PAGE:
Posts are better with examples so I'll arbitrarly pull Pikmin 3 out of my recent experiences of the issue. It certainly applies to a lot more games than that though.
In Pikmin 3 you don't play as Olimar this time. When the people you do play as reach the planet, they realize they lost the most important part of their ship, and are therefor stranded. You soon learn that Olimar found it, and you need to find him and get it back before he leaves or you'll be stuck here forever, unable to bring back food you find to save your people from starvation.
I often like to buy into the false sense of urgency games present. It's more immersive that way. So I'm playing through Pikmin 3 only grabbing food sufficiently convenient to get while focusing on the main task of getting that part back. I was playing through with the plan in mind "First I'm going to find Olimar and get this ship part so that I'm not stranded, then go back to collect all the food to bring home.
Problem: As soon as you find and save Olimar, and recover the ship part, the game ends. The characters are like "kewl, we have the power to leave now" and take off. Proceeding to give me text saying "You f-ing suck player. You barely got any food you incompetent buffoon, everybody is going to die and it's your fault. Dick." Uh, no, it is not my fault, because that's not what the characters should have done. They should have said "ok, now that we made sure we got the part back before it was too late, we are free to focus on finding as much food as we can, and we'll leave when we have enough". Instead I had to load a save from before I saved Olimar and just pretend there was no urgent reason to find him asap while I did everything but tend to the main problem at hand.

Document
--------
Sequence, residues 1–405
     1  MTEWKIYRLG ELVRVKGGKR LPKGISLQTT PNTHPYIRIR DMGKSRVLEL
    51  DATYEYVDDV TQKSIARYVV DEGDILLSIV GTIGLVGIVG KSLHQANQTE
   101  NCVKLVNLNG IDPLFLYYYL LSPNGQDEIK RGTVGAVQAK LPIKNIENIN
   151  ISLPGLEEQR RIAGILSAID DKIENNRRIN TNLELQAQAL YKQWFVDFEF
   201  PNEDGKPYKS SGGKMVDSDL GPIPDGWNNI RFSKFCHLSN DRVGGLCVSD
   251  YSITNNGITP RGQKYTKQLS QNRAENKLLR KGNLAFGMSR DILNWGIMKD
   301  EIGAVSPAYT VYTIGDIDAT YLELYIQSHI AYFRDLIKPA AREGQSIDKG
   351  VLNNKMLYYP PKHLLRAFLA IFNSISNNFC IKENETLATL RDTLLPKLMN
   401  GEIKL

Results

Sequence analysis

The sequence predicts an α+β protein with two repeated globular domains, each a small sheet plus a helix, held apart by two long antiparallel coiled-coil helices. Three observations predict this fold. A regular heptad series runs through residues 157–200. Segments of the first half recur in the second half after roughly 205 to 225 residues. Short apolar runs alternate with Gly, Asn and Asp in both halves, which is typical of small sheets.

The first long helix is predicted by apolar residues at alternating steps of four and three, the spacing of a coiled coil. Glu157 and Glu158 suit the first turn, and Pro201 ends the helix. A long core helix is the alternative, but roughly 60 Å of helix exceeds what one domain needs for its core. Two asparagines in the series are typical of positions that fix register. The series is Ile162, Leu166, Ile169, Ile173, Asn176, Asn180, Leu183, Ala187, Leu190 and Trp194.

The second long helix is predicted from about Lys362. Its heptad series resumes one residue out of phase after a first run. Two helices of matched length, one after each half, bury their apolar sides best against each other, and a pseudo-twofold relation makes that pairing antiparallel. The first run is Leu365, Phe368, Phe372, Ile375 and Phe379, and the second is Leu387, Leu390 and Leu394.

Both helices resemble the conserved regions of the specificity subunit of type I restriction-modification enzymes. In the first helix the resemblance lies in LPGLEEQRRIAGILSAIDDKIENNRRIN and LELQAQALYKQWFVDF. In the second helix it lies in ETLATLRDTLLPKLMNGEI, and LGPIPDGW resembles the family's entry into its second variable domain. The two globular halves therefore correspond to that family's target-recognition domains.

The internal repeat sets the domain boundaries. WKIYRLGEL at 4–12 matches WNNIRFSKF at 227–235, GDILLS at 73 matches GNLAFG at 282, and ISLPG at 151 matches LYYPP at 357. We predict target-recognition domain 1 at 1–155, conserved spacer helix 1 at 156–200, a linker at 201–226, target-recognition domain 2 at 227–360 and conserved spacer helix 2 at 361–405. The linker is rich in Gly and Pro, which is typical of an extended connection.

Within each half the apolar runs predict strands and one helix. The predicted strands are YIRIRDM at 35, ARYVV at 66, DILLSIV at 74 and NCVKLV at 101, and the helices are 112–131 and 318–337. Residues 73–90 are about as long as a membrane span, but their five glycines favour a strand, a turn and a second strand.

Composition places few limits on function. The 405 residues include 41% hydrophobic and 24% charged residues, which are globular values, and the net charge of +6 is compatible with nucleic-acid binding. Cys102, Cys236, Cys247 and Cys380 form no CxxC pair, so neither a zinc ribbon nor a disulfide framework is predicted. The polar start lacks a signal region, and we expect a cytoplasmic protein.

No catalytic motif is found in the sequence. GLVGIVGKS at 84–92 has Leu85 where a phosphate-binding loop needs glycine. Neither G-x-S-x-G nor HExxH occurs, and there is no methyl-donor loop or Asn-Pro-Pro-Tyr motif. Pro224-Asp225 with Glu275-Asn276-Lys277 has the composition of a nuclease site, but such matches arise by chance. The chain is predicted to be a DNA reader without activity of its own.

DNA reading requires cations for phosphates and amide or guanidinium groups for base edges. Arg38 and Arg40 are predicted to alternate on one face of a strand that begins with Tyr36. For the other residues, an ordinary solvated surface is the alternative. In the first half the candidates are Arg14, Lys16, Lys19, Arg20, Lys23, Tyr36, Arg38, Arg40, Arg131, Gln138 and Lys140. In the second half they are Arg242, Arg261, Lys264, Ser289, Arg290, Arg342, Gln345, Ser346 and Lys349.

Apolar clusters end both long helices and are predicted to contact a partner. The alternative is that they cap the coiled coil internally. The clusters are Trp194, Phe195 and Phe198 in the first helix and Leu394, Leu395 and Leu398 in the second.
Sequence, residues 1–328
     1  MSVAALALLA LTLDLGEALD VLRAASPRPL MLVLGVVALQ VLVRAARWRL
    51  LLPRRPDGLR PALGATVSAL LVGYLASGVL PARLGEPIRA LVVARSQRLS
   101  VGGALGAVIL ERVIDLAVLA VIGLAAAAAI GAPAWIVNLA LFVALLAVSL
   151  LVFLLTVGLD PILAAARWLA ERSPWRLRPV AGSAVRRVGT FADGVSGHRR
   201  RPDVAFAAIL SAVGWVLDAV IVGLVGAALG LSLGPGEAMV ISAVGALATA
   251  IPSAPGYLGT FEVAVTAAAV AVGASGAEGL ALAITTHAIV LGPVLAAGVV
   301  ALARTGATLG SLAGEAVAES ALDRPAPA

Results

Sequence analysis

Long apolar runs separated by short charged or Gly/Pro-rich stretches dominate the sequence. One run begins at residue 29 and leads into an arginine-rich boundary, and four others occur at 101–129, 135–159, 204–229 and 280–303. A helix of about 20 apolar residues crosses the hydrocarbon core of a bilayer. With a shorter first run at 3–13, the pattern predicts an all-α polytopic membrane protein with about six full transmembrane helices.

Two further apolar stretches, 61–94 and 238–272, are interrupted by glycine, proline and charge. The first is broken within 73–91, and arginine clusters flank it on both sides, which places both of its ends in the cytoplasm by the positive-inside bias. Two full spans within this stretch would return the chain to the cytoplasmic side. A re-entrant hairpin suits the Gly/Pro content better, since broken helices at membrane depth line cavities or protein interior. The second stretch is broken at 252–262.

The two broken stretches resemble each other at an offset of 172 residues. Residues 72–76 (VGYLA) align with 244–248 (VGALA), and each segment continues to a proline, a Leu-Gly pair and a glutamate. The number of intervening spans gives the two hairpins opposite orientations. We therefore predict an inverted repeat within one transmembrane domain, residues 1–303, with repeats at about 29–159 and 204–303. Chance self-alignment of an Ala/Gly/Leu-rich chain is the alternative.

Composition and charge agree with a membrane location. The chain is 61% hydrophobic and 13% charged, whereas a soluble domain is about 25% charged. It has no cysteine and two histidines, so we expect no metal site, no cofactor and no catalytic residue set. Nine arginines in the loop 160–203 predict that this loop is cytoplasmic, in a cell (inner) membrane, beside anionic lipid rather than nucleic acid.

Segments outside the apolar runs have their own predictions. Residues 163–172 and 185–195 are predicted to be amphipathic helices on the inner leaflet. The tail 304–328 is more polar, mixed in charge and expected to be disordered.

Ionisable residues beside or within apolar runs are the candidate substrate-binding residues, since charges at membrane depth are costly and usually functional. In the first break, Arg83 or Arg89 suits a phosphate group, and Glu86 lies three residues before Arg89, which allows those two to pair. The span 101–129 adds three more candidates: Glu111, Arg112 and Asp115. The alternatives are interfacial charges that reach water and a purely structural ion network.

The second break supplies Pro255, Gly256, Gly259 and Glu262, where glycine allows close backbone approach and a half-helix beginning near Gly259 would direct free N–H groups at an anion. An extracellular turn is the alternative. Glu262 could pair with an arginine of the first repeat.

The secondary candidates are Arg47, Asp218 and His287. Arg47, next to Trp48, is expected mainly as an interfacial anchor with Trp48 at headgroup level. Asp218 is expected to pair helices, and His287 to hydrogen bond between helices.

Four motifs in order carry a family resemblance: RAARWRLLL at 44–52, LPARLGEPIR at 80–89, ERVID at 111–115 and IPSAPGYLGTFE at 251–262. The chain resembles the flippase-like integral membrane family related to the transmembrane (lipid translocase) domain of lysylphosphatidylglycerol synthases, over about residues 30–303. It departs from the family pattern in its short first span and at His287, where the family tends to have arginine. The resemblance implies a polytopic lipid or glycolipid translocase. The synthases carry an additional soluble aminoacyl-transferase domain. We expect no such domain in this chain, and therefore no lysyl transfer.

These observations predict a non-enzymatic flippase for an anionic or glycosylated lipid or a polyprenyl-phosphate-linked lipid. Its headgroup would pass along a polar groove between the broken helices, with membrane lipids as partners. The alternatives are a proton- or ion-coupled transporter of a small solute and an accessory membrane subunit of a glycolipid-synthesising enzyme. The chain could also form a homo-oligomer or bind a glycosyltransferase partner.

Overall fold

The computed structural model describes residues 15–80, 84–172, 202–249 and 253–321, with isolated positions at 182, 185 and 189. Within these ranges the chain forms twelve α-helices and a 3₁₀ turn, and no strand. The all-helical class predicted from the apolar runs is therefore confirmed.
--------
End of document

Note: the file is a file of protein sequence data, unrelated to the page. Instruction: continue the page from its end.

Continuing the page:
Some form of punishment like this exists in sooo many games. Points of no return where side missions stop being available. Be it part of side missions or the main one, reaching a point where you just aren't powerful enough to do the supposedly time sensitive task, because they want you to ignore it to go pick flowers until you level up first. "Adventurer, can you please save my daugher from the serial killer that kidnapped her, but only after you clear a bunch of caves of monsters minding their own business."
Whatever form the punishment for buying into the fake urgency takes, it feels like bad design. In fact, I would rather a game punish me for not buying into the urgency (making it real rather than fake) and ignoring a time sensitive task. Showing up at the serial killers hideout and finding the girl already dead because I f'd off to go clear random monster gaves first instead of getting there in time feels better than trying to go straight there and hitting a proverbial wall with a sign saying "What are you doing here? Ignore her and do other stuff first."
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